Election Boycott Gains Momentum in Iran as Unions and Activists Unite

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More than 500 teachers, union activists, and prominent cultural figures in Iran have publicly announced their decision to abstain from voting in the upcoming presidential elections through a joint statement.

In the statement the signatories asserted: "Participation in the elections, even under the assumption of a victory by a reformist candidate, is futile, offering no resolution to ongoing issues. Moreover, it risks bolstering [government's] legitimacy and intensifying suppression of dissent and protest. Therefore, we declare our refusal to partake in the presidential elections."

Six hand-picked insider politicians have been allowed to compete in the presidential vote. The president does not full power over many institutions and in key decisions, which are shaped by Supreme Leader Ali Khamenei.

The growing chorus of voices condemning the upcoming June 28 snap presidential election in Iran includes high-profile figures. Iranian Nobel Peace Prize laureate Narges Mohammadi has labeled it as a facade orchestrated by an oppressive regime.

From Evin Prison in Tehran, Mohammadi declared on Saturday, “I will not participate in the illegal elections of the oppressive and illegitimate government.”

Iranian female Islamic scholar Sedigheh Vasmaghi has separately announced that participating in the upcoming snap presidential elections would bolster the Islamic Republic's legitimacy.

In a statement on her Instagram account on Friday, Vasmaghi asserted, “When voter turnout is low, the ruling factions lose confidence, but high turnout empowers and validates them.”

“I consider the people's vote to be a valuable social and national asset that should not be squandered or used to benefit those responsible for current issues,” she added.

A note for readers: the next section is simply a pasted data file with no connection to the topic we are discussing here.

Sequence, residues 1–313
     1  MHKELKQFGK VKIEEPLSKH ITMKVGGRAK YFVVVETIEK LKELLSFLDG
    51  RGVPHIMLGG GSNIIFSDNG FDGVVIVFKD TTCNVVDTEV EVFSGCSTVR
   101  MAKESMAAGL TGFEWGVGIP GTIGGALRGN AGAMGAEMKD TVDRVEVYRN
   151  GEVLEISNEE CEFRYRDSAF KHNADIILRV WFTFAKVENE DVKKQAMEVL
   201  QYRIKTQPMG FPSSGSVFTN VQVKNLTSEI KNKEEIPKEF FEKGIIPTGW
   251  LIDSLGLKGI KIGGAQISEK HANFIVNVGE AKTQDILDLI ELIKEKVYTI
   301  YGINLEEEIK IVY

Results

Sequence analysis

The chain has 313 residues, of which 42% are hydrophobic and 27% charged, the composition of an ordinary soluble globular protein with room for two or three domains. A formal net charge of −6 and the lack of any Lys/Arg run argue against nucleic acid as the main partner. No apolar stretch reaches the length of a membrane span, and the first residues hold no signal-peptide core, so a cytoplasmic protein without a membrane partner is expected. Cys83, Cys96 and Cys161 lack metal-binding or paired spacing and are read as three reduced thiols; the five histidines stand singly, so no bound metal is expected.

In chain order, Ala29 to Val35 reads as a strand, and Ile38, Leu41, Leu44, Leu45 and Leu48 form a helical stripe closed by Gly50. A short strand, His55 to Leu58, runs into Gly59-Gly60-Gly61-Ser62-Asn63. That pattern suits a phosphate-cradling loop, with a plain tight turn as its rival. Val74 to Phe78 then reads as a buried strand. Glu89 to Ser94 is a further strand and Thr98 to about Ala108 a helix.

Other political activists and former prisoners, including Hossein Razzagh and Mehdi Mahmoudian, have also declared their intention to abstain from participating in the elections.

Mahmoudian argued that "the possibility of change through the ballot boxes has been stripped from the people."

Political analysts within Iran suggest a potential low voter turnout. Iranian journalist and political activist Abbas Abdi observed that many Iranians are disenchanted with the political system and are unlikely to participate in the snap presidential elections.

In an op-ed in Etemad newspaper, Abdi remarked, "The atmosphere of boycotting the elections has not yet begun to thaw."

Meanwhile, the televised presidential debates, once regarded as the "government's propaganda machine that effectively energized the election," as described by analysts, have shown little to no impact this time.

Recent surveys indicate a notable lack of voter engagement leading up to Iran's June 28 snap presidential election, contrasting sharply with the 2009 elections, in which 85% of eligible voters participated.

Some survey results indicate that a majority of eligible voters most likely will stay away from polling stations.

According to a survey conducted by the Iranian Students Polling Agency (ISPA), 73% of respondents reported not watching the first presidential debate on June 17.

This can be attributed partly to the constraints placed on TV hosts and candidates, preventing substantive challenges that could expose corruption within the clerical establishment.

In a Saturday meeting with the judicial branch officials, Supreme Leader Ali Khamenei reiterated that "The debates of the election candidates should not be a platform for a candidate to gain an advantage over others by uttering statements that please our enemies." He further emphasized, "It is unacceptable to speak in ways that favor the enemy." In Khamenei's political jargon, enemies are the United States, Israel and their allies.

Furthermore, Iran's Minister of Intelligence had stated that his agency was rigorously monitoring the conduct of presidential candidates and their supporters, cautioning that individuals promoting "subversive" narratives will face legal consequences.

Additionally, the state-run Islamic Republic of Iran Broadcasting (IRIB) had warned presidential candidates, admonishing them against portraying Iran unfavorably in their campaign broadcasts and threatening to prevent such broadcasts from airing.

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